The potential for use of the mesenteric transplant site to enable dissemination of cells along a lymphatic distribution and engraftment in mesenteric lymph nodes was confirmed recently in fumarylacetoacetate mice (Fah/), a model for the human liver disease tyrosinemia type I (reviewed in [4]). Intra peritoneal transplantation of liver cells from congenic wild-type mice resulted in correction of metabolic abnormalities and long-term survival of the animals that otherwise would have died. Transplantation of liver cells into the peritoneal cavity allowed the hepatocytes to migrate into the lymphatic system, enter mesenteric lymph nodes and expand under homeostatic mechanisms driven by the liver. When ectopic liver tissue reached the required balance for hepatic function, proliferation ceased resulting in 20 to 40 “hepatized” mesenteric lymph nodes that represented 70% of the original liver mass. The authors speculate that the highly vascularized nature of the lymph nodes supports the efficient engraftment and massive expansion of ectopic tissue and can be compared to a well-designed in vivo bioreactor [15]. Little is known about the factors that regulate the differentiation, migration and immunogenicity of cells transplanted within mesentery. Delineation of such factors could enable optimization of engraftment and expansion of endocrine cells originating from E28 pig pancreatic primordia distributed similarly via the lymphatic route.

Whereas rats the glucose tolerance of which is normalized following transplantation of 5 - 8 E28 pig pancreatic primordia are rendered insulin independent for the remainder of their lives, macaques transplanted with 20 - 40 primordia remain dependent on exogenous insulin (albeit as doses lower than required prior to transplantation) to maintain euglycemia [11]. One explanation for the differential success between rats and macaques is that macaques weigh 20 times as much as rats. A STZdiabetic rat can be rendered normoglycemic lifelong with no exogenous insulin requirement by transplantation of 5 - 8 pig pancreatic primordia. Extrapolating, it would take 100 - 200 primordia to render a diabetic macaque independent of exogenous insulin. A second explanation is proposed by Graham and Schuurman in their recent review of the usefulness and limitations of the diabetic macaque model in evaluating long-term survival of porcine islets [16]. The authors propose that there are three main contributors to the mild hyperglycemia that is common in xenografted diabetic non-human primates: 1) species incompatibilitiesunderlying a lower insulin secretion rate by the porcine graft; 2) the set point in insulinsecretion that is at higher blood glucose levels in pigs than in monkeys; and 3) a marginal mass of engrafted islets. The authors speculate the mild hyperglycemia observed in transplanted diabetic primates might not be of high relevance when considering the use of porcine islet transplantation in human diabetics. This is because humans and pigs have normal fasting blood glucose values in a similar range while in primates, the values are much lower. Additionally, the authors suggest, if the intrinsic insulin-producing capacity of porcine islets is lower than that of human islets, the effective dose of porcine islets may need to need to be increased. A similar argument could apply to the “effective dose” of porcine pancreatic primordia, in which case more than 100 - 200 may be required to render a diabetic macaque independent of exogenous insulin. Alternatively, unlike the case for mature islets, beta cell precursors in transplanted embryonic pancreas have the potential to differentiate into a mass of mature insulin-producing cells sufficient to render a diabetic host euglycemic. A single native embryonic pancreas does so in every non-diabetic pig, primate or human. Future efforts are appropriately directed to engineering transplanted pig pancreatic primordia towards more robust differentiation within the in vivo bioreactor that is the diabetic host.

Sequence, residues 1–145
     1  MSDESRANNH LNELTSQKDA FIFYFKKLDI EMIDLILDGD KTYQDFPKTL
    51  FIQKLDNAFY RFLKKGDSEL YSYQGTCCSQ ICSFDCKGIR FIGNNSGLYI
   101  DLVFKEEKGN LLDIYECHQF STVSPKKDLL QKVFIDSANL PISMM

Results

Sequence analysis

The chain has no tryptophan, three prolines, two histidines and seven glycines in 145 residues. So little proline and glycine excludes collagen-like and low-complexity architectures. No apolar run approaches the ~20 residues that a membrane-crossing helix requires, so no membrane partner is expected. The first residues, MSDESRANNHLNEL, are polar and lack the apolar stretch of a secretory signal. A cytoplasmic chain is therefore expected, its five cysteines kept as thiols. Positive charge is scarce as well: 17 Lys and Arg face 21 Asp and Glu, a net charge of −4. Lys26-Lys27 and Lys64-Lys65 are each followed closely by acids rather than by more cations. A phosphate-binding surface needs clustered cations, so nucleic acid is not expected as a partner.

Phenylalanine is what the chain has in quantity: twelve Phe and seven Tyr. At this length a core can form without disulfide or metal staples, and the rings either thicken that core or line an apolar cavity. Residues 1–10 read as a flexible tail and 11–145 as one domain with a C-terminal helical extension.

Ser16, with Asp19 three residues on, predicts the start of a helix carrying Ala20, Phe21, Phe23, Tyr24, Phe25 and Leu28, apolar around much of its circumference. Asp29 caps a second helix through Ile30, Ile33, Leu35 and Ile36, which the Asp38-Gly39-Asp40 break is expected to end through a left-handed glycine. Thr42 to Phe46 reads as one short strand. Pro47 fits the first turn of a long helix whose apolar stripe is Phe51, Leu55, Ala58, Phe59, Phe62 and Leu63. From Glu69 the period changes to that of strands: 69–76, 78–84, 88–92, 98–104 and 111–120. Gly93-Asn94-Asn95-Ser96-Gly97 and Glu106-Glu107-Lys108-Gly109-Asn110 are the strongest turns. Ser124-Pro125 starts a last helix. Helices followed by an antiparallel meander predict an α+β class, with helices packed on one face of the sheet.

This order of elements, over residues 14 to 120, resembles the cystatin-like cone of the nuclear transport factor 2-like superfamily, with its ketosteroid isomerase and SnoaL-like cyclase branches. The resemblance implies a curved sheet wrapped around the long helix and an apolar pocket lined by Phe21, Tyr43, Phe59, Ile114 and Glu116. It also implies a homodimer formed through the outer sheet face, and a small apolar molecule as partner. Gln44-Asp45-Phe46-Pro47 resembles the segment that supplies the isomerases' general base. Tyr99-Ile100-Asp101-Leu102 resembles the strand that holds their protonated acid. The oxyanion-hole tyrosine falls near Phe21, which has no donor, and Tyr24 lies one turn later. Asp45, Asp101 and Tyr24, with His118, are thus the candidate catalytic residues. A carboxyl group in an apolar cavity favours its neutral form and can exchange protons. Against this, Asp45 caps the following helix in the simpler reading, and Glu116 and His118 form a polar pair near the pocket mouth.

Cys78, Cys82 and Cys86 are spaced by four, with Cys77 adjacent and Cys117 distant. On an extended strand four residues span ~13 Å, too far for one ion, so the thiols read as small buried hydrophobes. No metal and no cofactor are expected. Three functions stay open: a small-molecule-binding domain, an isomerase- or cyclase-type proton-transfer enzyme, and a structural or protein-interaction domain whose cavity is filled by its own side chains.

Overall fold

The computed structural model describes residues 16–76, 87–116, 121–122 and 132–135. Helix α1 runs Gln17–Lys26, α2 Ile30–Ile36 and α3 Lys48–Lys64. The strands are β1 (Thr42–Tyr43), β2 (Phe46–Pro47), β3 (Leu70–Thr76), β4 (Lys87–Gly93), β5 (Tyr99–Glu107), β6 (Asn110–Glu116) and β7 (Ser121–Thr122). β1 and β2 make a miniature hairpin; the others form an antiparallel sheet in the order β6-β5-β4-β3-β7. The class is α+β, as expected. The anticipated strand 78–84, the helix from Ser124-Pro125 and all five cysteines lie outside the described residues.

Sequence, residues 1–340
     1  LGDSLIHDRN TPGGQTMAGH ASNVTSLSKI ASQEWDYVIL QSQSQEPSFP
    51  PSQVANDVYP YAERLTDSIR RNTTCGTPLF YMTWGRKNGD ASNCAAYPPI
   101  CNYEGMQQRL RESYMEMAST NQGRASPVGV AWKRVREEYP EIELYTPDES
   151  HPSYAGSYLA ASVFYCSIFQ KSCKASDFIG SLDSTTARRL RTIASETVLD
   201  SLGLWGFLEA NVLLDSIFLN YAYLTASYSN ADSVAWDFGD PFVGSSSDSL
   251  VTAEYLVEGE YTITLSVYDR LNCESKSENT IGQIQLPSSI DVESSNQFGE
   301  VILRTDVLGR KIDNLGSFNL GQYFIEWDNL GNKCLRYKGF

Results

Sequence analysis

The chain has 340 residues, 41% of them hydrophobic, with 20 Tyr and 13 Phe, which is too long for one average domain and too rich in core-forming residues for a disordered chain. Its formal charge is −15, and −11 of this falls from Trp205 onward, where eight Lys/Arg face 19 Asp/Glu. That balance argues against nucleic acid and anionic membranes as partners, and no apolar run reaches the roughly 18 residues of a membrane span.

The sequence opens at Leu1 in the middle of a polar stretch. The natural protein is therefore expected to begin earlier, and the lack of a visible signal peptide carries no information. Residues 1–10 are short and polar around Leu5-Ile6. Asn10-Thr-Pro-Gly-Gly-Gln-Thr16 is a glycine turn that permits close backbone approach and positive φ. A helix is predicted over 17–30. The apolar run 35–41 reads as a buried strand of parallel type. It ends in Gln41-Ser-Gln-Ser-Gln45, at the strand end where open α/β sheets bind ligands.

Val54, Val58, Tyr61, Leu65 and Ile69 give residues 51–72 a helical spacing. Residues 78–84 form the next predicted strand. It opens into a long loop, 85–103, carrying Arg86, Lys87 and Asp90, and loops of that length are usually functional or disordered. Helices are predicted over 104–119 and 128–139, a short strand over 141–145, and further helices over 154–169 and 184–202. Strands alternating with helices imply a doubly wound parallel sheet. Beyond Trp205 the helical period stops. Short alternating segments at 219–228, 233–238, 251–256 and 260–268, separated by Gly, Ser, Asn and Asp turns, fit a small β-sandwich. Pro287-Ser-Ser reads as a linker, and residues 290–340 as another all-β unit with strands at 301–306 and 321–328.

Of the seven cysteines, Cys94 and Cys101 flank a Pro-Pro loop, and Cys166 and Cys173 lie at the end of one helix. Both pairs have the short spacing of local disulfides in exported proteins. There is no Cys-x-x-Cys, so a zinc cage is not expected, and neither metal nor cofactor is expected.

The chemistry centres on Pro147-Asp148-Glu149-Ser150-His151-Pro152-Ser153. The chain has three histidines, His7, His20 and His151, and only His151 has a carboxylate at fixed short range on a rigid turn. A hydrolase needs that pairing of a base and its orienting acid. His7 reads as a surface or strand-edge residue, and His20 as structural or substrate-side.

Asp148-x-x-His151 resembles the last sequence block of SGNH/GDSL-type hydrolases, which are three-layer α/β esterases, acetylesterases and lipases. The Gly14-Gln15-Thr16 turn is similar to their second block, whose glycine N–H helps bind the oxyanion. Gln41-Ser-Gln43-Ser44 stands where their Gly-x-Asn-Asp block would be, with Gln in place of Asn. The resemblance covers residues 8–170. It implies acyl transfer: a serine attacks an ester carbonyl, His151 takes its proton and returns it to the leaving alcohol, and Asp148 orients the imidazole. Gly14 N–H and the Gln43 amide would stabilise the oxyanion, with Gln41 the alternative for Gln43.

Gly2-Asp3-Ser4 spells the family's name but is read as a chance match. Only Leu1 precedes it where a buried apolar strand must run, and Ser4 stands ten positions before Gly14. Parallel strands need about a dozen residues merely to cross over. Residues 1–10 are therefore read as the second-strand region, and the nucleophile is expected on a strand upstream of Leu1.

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*Supported by George M. O’Brien Center DK079333.